I just moved my blog here from a private blog to Blogger. I am hoping to reach out to people who may be suffering from infertility and/or considering adoption.

My problem, I have no idea how to do that. I don't even know if anyone at all is reading this. Please pass my blog along to anyone you know that might benefit from my experiences and also those who may just enjoy reading our story and learning more about adoption, the foster care system, or the crazy life of parenting. :)

If you stop by and like or dislike something about my blog, please leave a comment or send me an email and let me know you stopped by.

I would really appreciate all your support!

~ Katie
"Feels like some kind of ride but it's turning out just to be life going absolutely perfectly."
B. Andreas

Baby Bam

My sweet little Baby Bam is sick. We had a very rough night last night. He cried in and whined in his sleep all night. This morning he seemed fine so we all went to work and school. The daycare called about lunchtime and said that he had a fever of 101. I picked him up and we went to the Doc. By the time we got there his fever was 103. POOR BABY! The Doc said he just had a virus and to treat his fever with Tylenol. He is sleeping now and I think his fever has broken b/c he is sweating up a storm in his crib. I just hate to see my kids sick. I just wish there was something else I could do or something I could give him to make him feel better. :(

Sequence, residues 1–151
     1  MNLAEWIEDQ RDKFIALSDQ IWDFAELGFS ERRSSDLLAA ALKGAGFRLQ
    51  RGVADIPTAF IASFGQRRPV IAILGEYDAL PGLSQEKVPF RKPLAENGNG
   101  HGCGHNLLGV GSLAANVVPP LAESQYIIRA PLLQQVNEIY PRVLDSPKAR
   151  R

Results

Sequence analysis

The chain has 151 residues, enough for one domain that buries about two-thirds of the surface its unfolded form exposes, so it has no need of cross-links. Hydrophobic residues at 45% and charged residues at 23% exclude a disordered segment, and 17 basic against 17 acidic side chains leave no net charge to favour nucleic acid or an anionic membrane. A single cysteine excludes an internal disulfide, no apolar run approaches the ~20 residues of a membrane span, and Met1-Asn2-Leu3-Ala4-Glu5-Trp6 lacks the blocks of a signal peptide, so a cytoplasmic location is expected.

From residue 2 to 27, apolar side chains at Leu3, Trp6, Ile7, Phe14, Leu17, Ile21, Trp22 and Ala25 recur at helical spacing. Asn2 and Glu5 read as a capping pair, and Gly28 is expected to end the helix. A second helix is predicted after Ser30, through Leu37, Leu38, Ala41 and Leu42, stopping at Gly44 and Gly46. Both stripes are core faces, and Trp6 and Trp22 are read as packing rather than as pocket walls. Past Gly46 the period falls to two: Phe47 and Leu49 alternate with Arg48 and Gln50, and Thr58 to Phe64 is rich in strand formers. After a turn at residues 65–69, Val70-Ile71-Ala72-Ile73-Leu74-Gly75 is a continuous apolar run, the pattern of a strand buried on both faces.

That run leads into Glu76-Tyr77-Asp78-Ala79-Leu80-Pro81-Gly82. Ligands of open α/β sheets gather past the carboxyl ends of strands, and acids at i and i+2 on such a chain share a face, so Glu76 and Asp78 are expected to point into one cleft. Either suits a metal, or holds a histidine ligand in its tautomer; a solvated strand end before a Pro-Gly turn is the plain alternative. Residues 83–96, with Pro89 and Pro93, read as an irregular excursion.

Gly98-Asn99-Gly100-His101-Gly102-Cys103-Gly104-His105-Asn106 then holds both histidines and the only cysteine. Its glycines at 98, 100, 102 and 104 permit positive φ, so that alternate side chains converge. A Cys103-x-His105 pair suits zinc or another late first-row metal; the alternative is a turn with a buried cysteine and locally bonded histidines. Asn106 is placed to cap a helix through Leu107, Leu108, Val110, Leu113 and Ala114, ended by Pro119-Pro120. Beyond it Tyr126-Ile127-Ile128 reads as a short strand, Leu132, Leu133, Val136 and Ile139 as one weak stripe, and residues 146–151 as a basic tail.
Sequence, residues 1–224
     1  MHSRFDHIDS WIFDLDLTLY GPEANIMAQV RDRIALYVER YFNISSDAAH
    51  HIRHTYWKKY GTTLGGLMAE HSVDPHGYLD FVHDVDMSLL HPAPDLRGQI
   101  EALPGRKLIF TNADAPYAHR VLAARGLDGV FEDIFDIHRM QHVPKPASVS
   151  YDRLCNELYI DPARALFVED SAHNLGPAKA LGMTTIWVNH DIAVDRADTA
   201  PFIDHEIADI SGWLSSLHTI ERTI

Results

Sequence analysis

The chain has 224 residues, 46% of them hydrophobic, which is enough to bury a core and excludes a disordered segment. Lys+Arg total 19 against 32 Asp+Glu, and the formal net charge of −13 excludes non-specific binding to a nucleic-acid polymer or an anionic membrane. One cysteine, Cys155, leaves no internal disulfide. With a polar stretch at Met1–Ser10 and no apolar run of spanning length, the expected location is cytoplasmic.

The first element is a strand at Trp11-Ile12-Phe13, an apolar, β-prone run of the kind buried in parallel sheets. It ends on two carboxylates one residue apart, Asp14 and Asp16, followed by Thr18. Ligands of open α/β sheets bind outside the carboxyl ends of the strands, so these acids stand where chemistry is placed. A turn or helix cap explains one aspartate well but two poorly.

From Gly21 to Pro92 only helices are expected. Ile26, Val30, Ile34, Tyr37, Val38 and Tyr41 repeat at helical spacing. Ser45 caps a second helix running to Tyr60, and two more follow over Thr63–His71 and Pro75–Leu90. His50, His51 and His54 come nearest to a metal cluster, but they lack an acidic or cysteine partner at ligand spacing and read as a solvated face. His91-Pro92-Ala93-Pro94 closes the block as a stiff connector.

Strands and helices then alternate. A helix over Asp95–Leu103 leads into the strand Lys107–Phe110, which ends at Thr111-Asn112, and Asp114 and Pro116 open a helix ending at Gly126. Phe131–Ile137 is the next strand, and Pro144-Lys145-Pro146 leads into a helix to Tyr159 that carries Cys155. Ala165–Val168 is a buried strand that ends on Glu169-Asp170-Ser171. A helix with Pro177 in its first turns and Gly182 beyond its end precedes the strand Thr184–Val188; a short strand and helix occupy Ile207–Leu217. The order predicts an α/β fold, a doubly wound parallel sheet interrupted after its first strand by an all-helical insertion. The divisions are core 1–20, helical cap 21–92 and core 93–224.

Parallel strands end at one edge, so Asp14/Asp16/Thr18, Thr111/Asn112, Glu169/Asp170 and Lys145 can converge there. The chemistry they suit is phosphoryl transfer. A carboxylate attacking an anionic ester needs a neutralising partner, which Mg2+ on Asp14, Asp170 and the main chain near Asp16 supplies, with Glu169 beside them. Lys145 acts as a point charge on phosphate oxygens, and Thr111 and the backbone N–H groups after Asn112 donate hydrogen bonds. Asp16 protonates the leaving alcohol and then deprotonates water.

My Sweet Baby Bam on a Healthier Day


Friday, April 24, 2009

The Bug

I have really been wanting to sit down and post for the last day but couldn't seem to find the time. Seth has been out of town A LOT latley so I don't seem to have any time at all. He is home (for now), thank goodness.